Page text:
In a nutshell, it cites one unnamed CBS source as saying that handed over user data to the RIAA (the story implies that it relates to the unreleased U2 album that’s been doing the rounds on file sharing services). If true this story would be massively damaging to the service doesn’t work without the scrobbler (little app that uploads a record of what music you’ve played to the site), and if users are worried that their personal info (IP, email etc) is at risk they just won’t use it.   Everywhere I look I see people saying they’re going to ditch it.

A number of staffers have flat out denied the claim, although there’s been no word from the CBS mothership just yet.  I don’t know whether it’s true or not (though I would be very, very surprised if it were: spent years building that trust with their users, would be astonishingly reckless to throw that away like this), what I am surprised about is the silence from Techcrunch. They published the story late in the day yesterday, then a few hours later (after the unofficial denials had come in from the staffers) updated the post with this:

Update: Some more denials from Last.FMers, including one of the co-founders, Richard Jones, in comments, who says this story is “utter nonsense and totally untrue,” and another one from Russ Garrett, a systems architect.

Not ‘we’re looking into this further’ or ‘looks like we made a mistake’, just ‘some people at are saying it’s not true’.

It really is surprising to me that an industry leading blog would publish such a serious allegation on the basis of one unidentified source, and not do any followup investigation in the light of the denials above.  By ignoring the response and simply posting that addendum, Techcrunch’s credibility, in my eyes, is seriously damaged.  Publishing a story like that without input from the company involved (or identifying a second source to back up the claims) is at best shoddy journalism, at worst a hatchet job.  Schonfeld says he ‘contacted both CBS and the RIAA’, but went ahead and published the story regardless without comment from either.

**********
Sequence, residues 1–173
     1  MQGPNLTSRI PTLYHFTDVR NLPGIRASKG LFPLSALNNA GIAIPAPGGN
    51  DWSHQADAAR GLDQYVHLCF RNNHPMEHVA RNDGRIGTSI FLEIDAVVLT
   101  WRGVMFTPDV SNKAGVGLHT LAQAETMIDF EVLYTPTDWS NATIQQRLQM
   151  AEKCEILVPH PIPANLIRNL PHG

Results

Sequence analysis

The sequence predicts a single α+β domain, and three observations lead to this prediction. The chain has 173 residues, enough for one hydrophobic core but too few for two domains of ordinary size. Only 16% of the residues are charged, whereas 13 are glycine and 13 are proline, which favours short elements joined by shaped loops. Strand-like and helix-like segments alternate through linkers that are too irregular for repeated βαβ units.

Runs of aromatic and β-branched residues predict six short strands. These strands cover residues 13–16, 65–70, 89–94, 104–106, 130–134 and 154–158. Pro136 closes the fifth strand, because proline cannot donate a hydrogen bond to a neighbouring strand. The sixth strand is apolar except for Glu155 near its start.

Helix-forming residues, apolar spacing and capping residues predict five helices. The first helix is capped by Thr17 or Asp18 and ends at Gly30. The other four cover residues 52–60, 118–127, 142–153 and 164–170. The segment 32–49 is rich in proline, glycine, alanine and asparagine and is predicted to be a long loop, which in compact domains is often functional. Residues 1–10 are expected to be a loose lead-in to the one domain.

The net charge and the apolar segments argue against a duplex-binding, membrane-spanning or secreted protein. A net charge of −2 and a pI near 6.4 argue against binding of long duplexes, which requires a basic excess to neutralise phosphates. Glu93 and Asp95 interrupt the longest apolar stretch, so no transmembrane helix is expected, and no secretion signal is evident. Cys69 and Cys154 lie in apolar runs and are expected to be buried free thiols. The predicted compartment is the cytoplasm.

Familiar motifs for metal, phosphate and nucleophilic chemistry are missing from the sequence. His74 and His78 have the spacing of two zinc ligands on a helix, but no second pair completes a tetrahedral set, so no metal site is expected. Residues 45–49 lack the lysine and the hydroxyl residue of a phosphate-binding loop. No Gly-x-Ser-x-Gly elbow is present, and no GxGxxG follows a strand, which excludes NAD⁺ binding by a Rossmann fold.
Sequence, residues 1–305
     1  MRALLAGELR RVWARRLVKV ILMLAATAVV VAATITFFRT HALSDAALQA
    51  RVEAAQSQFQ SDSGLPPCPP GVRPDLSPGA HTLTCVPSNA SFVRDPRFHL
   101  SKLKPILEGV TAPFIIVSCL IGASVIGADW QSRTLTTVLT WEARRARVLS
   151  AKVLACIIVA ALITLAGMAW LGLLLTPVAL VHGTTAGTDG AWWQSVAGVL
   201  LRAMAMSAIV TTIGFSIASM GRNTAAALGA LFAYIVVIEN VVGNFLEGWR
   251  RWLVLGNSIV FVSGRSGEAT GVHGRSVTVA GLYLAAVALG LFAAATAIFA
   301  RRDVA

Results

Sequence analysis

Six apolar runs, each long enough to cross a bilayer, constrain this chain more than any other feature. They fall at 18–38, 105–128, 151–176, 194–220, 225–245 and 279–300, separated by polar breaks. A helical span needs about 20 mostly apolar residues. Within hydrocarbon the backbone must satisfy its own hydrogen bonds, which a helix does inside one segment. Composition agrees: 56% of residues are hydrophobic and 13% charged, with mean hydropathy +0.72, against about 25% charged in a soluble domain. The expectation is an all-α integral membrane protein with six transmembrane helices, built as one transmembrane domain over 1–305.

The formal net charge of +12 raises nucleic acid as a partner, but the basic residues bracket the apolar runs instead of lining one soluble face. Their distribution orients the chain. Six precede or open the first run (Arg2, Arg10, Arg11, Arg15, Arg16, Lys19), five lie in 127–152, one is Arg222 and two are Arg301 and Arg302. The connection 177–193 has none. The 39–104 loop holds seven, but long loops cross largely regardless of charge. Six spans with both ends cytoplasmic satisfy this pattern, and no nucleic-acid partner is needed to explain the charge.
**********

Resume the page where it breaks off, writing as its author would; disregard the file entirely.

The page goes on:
Not impressed.   And especially not impressed with Techcrunch’s silence.  If the story is true, stand behind it and back it up.  If it’s not, issue an apology and retraction.

For the record, I’ve been a user for years, and will continue to be.  FWIW I don’t really like U2 much.

The Keene Act & You (1977): Watchmen Movie Lands March 6th

17 Feb

17 Days.

My Oscar Predictions: 2009

7 Feb

Just posted my predictions for the oscars this year on @kaimoviereviews

Couple of gutsy ones there I think (best supporting actress, for instance), and one hopeful (Slumdog).  If Button wins best picture I’ll be very disappointed, but it does have all the hallmarks.  I didn’t hate it exactly, but the entire middle section was completely overdone, and the whole thing felt like it was designed just to clean up at the Oscars.  We’ll see.

My predictions:

Actor: Mickey Rourke (The Wrestler)
Sup: Philip Seemour Hoffman (Doubt)
Actress: Kate Winslet (The Reader, but she should be winning for Revolutionary Road imo)
Supporting Actress: Taraji P. Henson (Benjamin Button)
Directing: Benjamin Button
Foreign: Waltz With Bashir
Picture: Slumdog

Adding (an hour before the oscars!):

Cinematography: Benjamin Button
Visual Effects: Benjamin Button
Writing (Adapted):  Slumdog
Writing (Original): Milk

Just getting this one in on time, before Bill Maher announces:  Documentary, Man on Wire.

Brilliant Duane Reade Valentine’s Day Promotion

5 Feb

Because nothing says ‘love’ like ‘I bought some shampoo’, right?